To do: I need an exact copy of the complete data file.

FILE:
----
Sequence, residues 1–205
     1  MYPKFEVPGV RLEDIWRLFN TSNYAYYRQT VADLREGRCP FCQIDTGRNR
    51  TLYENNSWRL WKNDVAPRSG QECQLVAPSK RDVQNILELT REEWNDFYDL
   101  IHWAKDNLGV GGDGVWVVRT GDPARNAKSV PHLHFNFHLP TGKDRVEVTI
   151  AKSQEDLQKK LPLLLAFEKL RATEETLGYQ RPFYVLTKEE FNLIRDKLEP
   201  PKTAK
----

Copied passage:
Sequence, residues 1–205
     1  MYPKFEVPGV RLEDIWRLFN TSNYAYYRQT VADLREGRCP FCQIDTGRNR
    51  TLYENNSWRL WKNDVAPRSG QECQLVAPSK RDVQNILELT REEWNDFYDL
   101  IHWAKDNLGV GGDGVWVVRT GDPARNAKSV PHLHFNFHLP TGKDRVEVTI
   151  AKSQEDLQKK LPLLLAFEKL RATEETLGYQ RPFYVLTKEE FNLIRDKLEP
   201  PKTAK